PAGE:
- The Washington Times - Tuesday, March 6, 2001

Wild & crazy Oscar?

"Social Security, health care reform, and … the Oscars? Yup, when it comes to seemingly intractable problems, the annual Academy Awards telecast ranks right up there with Dubya's dilemmas. Actually, it doesn't. But bear with us.

"Though the show's ratings are second only to the Super Bowl's … the telecast is often poorly scripted, indifferently paced, and chronically bloated the 2000 show clocked in at four hours and eight minutes, making it the longest Oscar night ever.

"And that's just the beginning of ABC's problems. The network reportedly is having trouble filling the telecast's pricey ad slots… .

"Also heading for the exits are last year's producers, Richard and Lili Zanuck. Instead, Oscar telecast veteran Gil Cates is back for his 10th go-round… . His hiring of first-time Oscar host Steve Martin (who'll replace Billy Crystal) is a great first step… .

"So will this year's ceremony finish on time? 'This show will be shorter than last year,' promises Cates."

Clarissa Cruz, writing on "Puh-Leeze Academy," in the March 9 issue of Entertainment Weekly

'Sole exception'

"In 1898, 1,440 12- to 14-year-olds were asked whom they most wanted to resemble. Forty percent chose George Washington or Abraham Lincoln; 78 percent chose a general, a politician or a moral leader. Only two athletes made the cut … and there wasn't a single entertainer on the list.

"By 1986, nine of the 10 names on the World Almanac's list of people most admired by American teen-agers were entertainers. The list included Rob Lowe and Don Johnson and Molly Ringwald. The sole exception was President Ronald Reagan… .

" 'You admire what your culture admires,' a friend insisted not long ago. 'In war, a soldier. In depression, someone resourceful and inventive. But why should our kids have difficult and complex heroes, or even thinking heroes? Our children have lives of ease… .'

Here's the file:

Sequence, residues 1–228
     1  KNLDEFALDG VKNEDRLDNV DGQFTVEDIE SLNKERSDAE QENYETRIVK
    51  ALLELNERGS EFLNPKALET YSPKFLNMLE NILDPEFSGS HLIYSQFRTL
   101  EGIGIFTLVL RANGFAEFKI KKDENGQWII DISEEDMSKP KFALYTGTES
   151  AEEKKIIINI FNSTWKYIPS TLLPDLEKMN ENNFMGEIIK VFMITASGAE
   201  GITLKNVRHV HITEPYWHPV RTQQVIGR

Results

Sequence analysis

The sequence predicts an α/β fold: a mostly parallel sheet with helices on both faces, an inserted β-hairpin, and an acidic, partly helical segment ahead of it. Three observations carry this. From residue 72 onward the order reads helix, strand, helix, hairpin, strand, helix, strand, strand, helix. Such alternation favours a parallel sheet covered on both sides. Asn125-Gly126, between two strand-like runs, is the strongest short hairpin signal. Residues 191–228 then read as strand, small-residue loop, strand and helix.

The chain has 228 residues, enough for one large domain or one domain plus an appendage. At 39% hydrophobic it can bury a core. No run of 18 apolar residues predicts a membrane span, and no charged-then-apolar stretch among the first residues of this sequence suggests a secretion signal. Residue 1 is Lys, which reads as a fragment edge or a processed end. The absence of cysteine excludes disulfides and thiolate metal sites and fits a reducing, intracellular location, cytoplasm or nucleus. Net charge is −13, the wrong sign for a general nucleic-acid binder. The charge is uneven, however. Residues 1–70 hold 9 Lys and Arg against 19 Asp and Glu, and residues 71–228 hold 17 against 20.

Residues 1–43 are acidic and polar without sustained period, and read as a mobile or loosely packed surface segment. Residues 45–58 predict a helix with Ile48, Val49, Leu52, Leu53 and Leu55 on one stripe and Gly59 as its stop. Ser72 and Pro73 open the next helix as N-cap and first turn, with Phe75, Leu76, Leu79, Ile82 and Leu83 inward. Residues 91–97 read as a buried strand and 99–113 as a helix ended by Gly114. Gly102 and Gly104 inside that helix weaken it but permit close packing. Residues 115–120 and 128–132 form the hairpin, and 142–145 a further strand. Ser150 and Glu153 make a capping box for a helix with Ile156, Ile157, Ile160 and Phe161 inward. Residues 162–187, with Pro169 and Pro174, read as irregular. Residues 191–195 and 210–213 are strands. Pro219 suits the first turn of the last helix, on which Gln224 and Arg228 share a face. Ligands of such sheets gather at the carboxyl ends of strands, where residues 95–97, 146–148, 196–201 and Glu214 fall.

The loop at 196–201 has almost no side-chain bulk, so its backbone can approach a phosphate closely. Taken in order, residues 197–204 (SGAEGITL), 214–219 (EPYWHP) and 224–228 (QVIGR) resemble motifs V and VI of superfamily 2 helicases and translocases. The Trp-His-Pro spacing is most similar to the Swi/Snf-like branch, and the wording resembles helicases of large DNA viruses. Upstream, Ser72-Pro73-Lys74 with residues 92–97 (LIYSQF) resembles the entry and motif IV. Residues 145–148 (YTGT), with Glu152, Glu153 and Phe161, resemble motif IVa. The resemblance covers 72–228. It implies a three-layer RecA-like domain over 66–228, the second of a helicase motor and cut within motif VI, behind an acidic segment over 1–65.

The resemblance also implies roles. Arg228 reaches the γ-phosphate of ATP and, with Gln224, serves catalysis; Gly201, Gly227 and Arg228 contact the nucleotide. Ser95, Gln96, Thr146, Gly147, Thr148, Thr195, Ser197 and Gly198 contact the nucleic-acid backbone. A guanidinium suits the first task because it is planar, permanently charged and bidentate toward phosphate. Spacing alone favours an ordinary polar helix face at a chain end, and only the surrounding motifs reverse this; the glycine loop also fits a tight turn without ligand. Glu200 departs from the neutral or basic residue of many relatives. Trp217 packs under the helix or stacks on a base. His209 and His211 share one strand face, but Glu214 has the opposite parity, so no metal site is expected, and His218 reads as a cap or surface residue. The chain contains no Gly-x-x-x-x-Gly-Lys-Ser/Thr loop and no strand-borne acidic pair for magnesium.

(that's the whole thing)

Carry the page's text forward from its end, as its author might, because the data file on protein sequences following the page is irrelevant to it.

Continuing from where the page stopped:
"Children are not idiots. They can see that fame and fealty are not the same thing. The more disappointed children are by philandering presidents and gambling basketball players, the more nuanced their ideas of a hero become."

Ian Brown, writing on "Idol Conversation," in Sunday's New York Times Magazine

Oak Ridge White House

"Happy days are here again for the Oak Ridge Boys. 'When George Bush was president, you'd hear about what's "in" and what's "out," and we were "in," ' says Joe Bonsall, the country quartet's tenor… . 'Then Clinton became president, and I read somewhere that Fleetwood Mac was "in" and we were "out." '

"By last spring, though, with time inexorably running out on the term-limited Clinton-Mac reign, Bonsall sensed a turning of the tide. The Oaks had just warmed up the crowd at a George W. rally in Springfield, Mo., when the candidate materialized backstage. 'George W., he come running over to us,' says Bonsall. 'And he says, "Get your tuxedos ready, boys I think we're going to win." '

"Now that the deed is done, Bonsall foresees another spike in the fortunes of his combo, the Bush family's de facto house band… . One qualification, though: 'I don't know that George W. is as diehard a fan as his father,' he says. 'Here's how we knew George Sr. was a fan: When we first met him, he started namin' album cuts not singles, not hits. He said, "Can you do 'Freckles' from the 'Y'all Come Back Saloon' album?" '

"I've always been charmed by the bizarre friendship between the Bush family and the Oak Ridge Boys, because it's so random and, seemingly, so genuine."

David Kamp, writing on "The Oak Ridge Administration, Part II," in the March issue of GQ

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